Something to read
Jesus, full of the Holy Spirit, went back from the Jordan; and he was led by the Spirit into the desert, for forty days, being tempted by the Slanderer. And he ate nothing in those days; and when they were completed, he was hungry.
The Slanderer said to him: 'If you are the Son of God, tell this stone to turn into a loaf of bread.' And Jesus answered him: 'It is written, "It is not by bread alone that the human being is going to live".'’
Something to think about
We cannot spend the whole of Lent looking at ourselves in self-centred misery (or self-centred complacency, come to that), and over the next three days the readings follow Luke's narrative of the temptations with which Jesus was afflicted in the desert before he started his ministry.
As Luke tells the story, there are three such temptations. The first, today, is a double temptation, first to prove to a sceptical opponent that he really is the Son of God, and second to use his powers for his own selfish ends: 'Tell this stone to turn into a loaf of bread'.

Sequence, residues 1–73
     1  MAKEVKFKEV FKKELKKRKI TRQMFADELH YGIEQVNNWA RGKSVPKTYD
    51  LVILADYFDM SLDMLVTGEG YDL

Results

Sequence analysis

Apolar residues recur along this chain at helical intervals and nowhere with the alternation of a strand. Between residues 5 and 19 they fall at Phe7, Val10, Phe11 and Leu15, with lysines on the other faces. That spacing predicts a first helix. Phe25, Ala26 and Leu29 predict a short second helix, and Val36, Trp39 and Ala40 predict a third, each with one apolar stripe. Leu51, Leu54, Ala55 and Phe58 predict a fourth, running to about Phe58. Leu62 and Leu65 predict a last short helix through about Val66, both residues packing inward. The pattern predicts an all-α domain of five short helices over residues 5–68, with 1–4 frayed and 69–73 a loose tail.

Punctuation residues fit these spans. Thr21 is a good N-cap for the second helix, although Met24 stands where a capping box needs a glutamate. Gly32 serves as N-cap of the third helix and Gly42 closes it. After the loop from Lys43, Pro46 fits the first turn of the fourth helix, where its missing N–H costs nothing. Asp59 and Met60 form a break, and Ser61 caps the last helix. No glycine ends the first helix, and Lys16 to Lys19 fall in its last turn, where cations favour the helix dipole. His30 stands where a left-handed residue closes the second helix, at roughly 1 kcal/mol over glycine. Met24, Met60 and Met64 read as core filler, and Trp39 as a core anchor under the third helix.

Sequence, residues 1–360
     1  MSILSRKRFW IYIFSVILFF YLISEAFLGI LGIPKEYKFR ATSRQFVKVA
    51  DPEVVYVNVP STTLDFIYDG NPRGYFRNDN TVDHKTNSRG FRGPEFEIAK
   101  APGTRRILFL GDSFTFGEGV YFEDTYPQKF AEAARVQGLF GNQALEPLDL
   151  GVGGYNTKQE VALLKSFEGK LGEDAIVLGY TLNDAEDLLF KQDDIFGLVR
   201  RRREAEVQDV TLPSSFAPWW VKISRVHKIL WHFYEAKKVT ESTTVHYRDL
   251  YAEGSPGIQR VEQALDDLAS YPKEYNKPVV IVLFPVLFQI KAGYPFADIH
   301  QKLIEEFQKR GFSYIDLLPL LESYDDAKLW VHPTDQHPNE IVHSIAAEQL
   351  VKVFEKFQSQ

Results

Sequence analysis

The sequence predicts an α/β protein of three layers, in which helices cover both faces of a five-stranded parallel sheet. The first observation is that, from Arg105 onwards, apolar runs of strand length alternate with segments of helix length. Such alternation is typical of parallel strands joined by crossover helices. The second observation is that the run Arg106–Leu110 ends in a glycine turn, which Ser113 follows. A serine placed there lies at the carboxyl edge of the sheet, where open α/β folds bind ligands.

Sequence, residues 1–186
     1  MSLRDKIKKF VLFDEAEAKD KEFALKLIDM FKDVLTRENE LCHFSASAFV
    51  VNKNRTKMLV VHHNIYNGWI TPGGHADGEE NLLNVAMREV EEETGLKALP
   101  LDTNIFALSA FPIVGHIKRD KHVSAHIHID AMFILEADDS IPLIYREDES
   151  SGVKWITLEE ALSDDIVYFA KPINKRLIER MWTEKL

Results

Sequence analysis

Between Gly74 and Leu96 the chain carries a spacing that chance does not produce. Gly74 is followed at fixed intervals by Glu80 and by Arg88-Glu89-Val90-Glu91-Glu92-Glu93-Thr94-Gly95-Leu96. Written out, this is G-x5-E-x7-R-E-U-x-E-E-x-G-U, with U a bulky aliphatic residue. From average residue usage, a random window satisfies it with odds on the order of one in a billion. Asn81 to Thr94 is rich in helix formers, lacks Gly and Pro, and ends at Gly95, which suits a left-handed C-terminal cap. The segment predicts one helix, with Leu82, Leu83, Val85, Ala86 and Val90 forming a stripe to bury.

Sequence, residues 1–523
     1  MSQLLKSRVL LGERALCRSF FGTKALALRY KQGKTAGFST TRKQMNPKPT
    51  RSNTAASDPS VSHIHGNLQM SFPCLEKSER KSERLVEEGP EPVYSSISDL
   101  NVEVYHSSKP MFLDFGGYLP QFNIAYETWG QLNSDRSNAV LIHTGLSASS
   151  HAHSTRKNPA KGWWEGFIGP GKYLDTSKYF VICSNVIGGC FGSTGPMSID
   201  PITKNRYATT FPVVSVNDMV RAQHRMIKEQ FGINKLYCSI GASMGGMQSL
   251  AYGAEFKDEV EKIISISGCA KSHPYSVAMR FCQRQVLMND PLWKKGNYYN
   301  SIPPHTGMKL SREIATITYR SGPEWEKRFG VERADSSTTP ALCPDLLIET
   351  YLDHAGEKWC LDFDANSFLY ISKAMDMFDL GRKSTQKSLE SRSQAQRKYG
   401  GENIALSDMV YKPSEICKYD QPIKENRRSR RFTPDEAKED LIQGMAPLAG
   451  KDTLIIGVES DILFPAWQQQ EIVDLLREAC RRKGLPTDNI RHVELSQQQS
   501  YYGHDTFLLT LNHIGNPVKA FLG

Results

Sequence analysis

We mutter, nervously, 'Surely there is not too much wrong with using our own powers to make sure that we have something to eat?'
But that is missing the point: the point here is that we live in God's world, as Jesus says, quoting Deuteronomy; and Luke's first hearers would have been able to fill out the quotation, 'but by every word that comes from the mouth of God'.
Our powers are given us to serve God and our sisters and brothers, not for our own selfish needs.
Something to do
Have a look, today, at the way you live. Is there anything at the moment in your life as a son or daughter of God that represents a selfish use of the powers that God has given you? What might God be inviting you to do about it?
Something to pray
God our Father,
we know that in Jesus
we are your sons and daughters,
and we ask you today to give us the grace
always to serve you unselfishly
in our brothers and sisters,
especially those who are hungry.
Today's contributor is Nicholas King, a Jesuit priest, scholar and author who teaches the New Testament at Oxford University.